On December 21, 2012, convicted Australian serial killer Peter Norris Dupas, 58, lost his appeal in the 1997 Mersina Halvagis murder case. Dupas’ legal team argued that the trial judge had erroneously allowed testimony of three witnesses that placed Dupas at the murder scene, and testimony of Dupas’ jailhouse confession by inmate and mobbed-up lawyer Andrew Frasier.
The Court of Appeals found that the previous trial judge had properly weighed all the factors surrounding the testimony in question, and had properly allowed it. It is worth mentioning that even if Dupas had been granted another appeal, he would still be serving two other life sentences for the murders of Nicole Patterson and Margaret Maher.
The fact that he lost his appeal brings a sense of relief to the Halvagis family, who believes that Mersina may finally rest in peace. At this time Dupas does not seem to have any future appeals lined up.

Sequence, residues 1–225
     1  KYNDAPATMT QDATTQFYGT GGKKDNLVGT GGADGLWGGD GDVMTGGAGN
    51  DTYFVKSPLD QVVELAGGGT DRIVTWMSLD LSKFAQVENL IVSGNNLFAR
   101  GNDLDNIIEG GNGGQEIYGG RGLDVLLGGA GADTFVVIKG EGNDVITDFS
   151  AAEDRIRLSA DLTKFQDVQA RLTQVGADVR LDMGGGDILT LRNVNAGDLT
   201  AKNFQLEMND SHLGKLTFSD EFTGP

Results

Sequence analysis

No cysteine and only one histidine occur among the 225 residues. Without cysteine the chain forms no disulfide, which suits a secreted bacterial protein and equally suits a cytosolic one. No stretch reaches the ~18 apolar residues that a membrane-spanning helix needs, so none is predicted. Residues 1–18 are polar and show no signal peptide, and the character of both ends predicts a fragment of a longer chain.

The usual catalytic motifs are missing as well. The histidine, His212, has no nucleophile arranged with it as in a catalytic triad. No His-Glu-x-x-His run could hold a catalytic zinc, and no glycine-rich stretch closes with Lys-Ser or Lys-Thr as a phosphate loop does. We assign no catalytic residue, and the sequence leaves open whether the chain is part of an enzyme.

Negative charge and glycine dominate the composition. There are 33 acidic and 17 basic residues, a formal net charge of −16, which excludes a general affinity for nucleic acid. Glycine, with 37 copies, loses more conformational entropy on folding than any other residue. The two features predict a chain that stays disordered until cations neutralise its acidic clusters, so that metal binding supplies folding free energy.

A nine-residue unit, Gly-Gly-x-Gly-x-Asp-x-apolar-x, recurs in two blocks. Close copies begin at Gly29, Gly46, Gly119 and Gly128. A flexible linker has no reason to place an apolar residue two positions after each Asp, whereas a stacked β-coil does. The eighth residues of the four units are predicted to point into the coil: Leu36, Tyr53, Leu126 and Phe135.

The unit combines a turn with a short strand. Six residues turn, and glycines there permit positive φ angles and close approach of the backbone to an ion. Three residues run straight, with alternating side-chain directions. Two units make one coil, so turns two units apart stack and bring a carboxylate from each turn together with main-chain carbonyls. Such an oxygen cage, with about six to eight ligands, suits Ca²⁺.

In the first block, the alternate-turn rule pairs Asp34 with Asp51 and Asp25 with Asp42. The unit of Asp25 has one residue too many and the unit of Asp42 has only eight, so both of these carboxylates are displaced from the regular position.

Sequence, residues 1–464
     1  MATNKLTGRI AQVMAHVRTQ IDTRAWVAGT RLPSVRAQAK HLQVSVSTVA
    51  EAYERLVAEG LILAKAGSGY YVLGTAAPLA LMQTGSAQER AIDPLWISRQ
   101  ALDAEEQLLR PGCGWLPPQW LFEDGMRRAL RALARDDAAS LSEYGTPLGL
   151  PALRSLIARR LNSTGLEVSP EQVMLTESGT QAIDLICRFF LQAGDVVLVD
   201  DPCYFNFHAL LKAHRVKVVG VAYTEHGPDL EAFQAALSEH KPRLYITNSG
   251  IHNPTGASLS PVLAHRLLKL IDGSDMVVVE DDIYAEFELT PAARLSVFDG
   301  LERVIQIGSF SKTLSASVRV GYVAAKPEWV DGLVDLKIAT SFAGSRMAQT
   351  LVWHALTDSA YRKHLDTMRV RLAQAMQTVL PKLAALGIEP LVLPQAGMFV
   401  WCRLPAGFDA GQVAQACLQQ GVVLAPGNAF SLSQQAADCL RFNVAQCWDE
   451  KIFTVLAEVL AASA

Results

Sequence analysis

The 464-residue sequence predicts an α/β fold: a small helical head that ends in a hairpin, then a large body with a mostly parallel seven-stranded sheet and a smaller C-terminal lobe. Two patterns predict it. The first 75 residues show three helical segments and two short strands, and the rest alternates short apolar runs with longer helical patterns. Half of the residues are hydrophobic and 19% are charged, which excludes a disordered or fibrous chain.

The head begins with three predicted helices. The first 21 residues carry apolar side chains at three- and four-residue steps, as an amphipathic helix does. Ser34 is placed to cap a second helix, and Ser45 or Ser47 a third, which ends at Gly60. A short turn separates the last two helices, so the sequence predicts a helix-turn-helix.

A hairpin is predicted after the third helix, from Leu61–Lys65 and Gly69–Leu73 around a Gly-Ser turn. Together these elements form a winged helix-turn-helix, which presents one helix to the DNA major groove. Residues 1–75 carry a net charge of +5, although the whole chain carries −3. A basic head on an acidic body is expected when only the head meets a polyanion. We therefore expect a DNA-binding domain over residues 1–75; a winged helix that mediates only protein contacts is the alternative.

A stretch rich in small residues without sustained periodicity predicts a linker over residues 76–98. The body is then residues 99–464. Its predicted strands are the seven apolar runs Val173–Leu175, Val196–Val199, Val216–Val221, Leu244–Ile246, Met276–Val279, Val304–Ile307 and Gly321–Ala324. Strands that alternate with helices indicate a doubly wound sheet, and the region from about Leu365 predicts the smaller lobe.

Dupas was in the news in October for trying to block the re-airing of the popular TV miniseries Killing Time that briefly touched on his jailhouse confession to Andrew Frasier. Mersina, 25, was attacked while kneeling at her grandmother’s grave and stabbed 87 times, mostly in the area of her breasts, which were left exposed. Dupas was convicted of her murder and sentenced to life in prison. He appealed, but was convicted again in 2010. Frasier testified at Dupas’ murder trial that Dupas had confessed to killing Mersina, while stroking a shiv he found on the prison grounds, and saying her name. One episode of the miniseries shows a dramatization of Halvagis’ murder. Dupas argued in October 2012 that re-airing the miniseries would prejudice possible jurors, preventing him from getting a fair trial, if he won his appeal. At that time the court ruled that the timing of the miniseries, and the episodes in question, would not coincide with any possible future new trial, and would not prejudice a jury.